Six months ago, in December, I went to a music festival in Las Vegas. I started out my day walking around the crowded sidewalks of the Strip. Then I stopped in at a brewery for some food and beverages before heading to the festival grounds. That night, surrounded by people all around, we looked up at the sky and heard the sussuration of hundreds of drones overhead, and we all watched as the sky lit up in colors as Kacey Musgraves sang, “Oh, what a world, don't wanna leave. All kinds of magic all around us, it's hard to believe. Thank God it's not too good to be true. Oh, what a world, and then there is you.”
The next night I was packed back into a crowd of people with some whiskey and the Foo Fighters. After that, walking around Las Vegas in the early morning hours, the streets were still filled with people. What time was it – 3 a.m.? – when I decided to get a Lyft to take me back to my Airbnb. I asked the driver if there was going to be a lull and the crowd would thin out in a while.
“Oh no,” he said. “It’s going to get busier pretty soon.”
What planet was I on? Did these things really exist? Lyft? Airbnb? Going to a festival and getting in the middle of people packed in like sardines? Did we ever live that way? We’ve got to stay away from people! Anyone could be a vector of contagion!
These are strange times. That little coronavirus has wreaked a lot of havoc. And when I say “little,” that’s an understatement. How many of those things can fit on the head of a pin? I looked it up. The answer is 100 million.
They look kind of pretty in the graphics we see. All those colorful little crowns poking up. That’s why they call it “corona,” because of the crowns. I would like to kick off those little crowns. But it’s too little for that.
The coronavirus is causing so many problems. There’s the COVID-19 disease. People are dying. And then there are all the steps we’re taking to try to slow the spread of the virus, messing up so many people’s lives and causing so much economic devastation.
There are so many stories out there. When you see the statistics of tens of thousands of fatalities, every one of those numbers is a person with family and friends. And then there are the millions of people sheltering in place at home. Some people kind of enjoy staying at home, but for other people, it’s driving them crazy. And there are so many people out of work, so many people worried about what’s going to happen to them financially. There are stories of people who have put so much work and passion into building a business for years, and now that business is collapsing.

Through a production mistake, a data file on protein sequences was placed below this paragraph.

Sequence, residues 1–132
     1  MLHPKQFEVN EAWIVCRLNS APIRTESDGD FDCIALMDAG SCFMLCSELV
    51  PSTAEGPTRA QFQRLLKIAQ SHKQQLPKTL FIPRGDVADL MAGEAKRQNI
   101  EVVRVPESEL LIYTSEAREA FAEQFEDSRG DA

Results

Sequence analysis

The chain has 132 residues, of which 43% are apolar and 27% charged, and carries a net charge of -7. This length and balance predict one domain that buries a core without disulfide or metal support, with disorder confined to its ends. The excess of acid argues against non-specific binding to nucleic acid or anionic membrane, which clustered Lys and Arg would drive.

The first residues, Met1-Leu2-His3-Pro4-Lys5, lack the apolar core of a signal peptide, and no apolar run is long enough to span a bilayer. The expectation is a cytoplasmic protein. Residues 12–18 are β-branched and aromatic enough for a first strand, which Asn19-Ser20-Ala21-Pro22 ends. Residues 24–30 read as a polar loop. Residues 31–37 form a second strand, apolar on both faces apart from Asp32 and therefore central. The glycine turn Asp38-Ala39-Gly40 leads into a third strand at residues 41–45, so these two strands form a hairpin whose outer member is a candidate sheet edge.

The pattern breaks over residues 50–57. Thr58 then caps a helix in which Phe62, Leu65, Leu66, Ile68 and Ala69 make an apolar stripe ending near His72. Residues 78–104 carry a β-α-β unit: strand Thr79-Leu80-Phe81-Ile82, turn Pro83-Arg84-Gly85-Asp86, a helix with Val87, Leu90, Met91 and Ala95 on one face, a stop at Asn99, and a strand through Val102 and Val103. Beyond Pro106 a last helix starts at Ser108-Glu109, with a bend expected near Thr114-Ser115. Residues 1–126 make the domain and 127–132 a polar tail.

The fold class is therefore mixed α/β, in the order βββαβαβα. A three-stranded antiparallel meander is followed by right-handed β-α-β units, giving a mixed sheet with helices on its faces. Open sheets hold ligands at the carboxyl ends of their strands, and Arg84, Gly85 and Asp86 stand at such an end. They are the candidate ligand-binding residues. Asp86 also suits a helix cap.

And we don’t know what the future will bring. Could the economy come roaring back, or at least do a slow build to something close to normal? Or are there more problems ahead?
Everyone has ideas about what we’re doing wrong. We should be doing more to slow the spread of the virus. We shouldn’t be doing all the things we’re doing that are ruining the economy.
But how can we make a comparison? We know what we’ve got now with the steps we have taken to shut things down and slow the virus. And what we’ve got now is bad. But any other scenario is a counterfactual. Where would we be now if we hadn’t shut things down as much as we did? We don’t know. We don’t know how many people would have died in a different scenario.
There’s a lot we don’t know about the novel coronavirus yet. We don’t know the fatality rate, but it is a lot less fatal than a virus like this can be, and we have had pandemics in the past with a lot higher fatality rate. But this coronavirus does seem to be very contagious.
Everyone has theories about the coronavirus. I’ve heard them all. Well, no, of course I haven’t, because there are so many.
The newspaper I used to own in Montana is running a series of stories written by a local historian about the effects of the 1918 flu pandemic in Montana. Lots of people were dying from the flu, even in the rural areas, and World War 1 was also going on, and there was a drought. Those were tough times.
Some doctors in Anaconda, Montana back then had the theory that there was a relatively low number of deaths from the flu in Anaconda because the sulfur and arsenic in the air from the smelter smoke had an antiseptic effect. That is a theory I have not heard yet during today’s pandemic. Maybe we should try it.
Every country in the world and every state in the United States is handling the pandemic a little differently, so a few years from now we should be able to sort through all the facts and see what worked best and what didn’t work, and we will also know more about the novel coronavirus, so we should be able to put together all our knowledge to be better prepared to deal with the next pandemic.
But we still won’t agree.
One thing we will probably all be able to agree on: Mistakes were made.
We don’t know what we’re doing at this point. We’re muddling through. But there’s a concept we can keep our eyes on – the idea that Andrew Collins talks about a lot in the Mining Minds conversation that is in this issue of the Mining Quarterly:
“It’s all about people.”
It’s an idea that comes up often in the Mining Minds podcasts. In the mining world, we’re a community, and it’s all about people. Yes, mining is a business, and sometimes on a mine site it can seem like you’re just part of a business, or you’re a number, but really, nothing would get done without all those individual people doing what they do.
It’s all about people. It’s not about numbers. And it’s not about theories.
The mining companies are providing a good example right now. They are promoting safety. And they are taking a lot of steps to support their local communities.
It’s all about people. A lot of people are hurting now. If there is an opportunity to do something to help, let’s do it.
Hopefully, we can all get through this together.
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